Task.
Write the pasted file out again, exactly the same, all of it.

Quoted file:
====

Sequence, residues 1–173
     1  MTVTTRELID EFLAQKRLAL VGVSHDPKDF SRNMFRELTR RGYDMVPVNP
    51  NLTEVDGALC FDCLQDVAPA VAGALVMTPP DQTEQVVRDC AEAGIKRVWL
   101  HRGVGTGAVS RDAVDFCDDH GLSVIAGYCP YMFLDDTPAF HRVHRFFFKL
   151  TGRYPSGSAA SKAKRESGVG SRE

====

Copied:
Sequence, residues 1–173
     1  MTVTTRELID EFLAQKRLAL VGVSHDPKDF SRNMFRELTR RGYDMVPVNP
    51  NLTEVDGALC FDCLQDVAPA VAGALVMTPP DQTEQVVRDC AEAGIKRVWL
   101  HRGVGTGAVS RDAVDFCDDH GLSVIAGYCP YMFLDDTPAF HRVHRFFFKL
   151  TGRYPSGSAA SKAKRESGVG SRE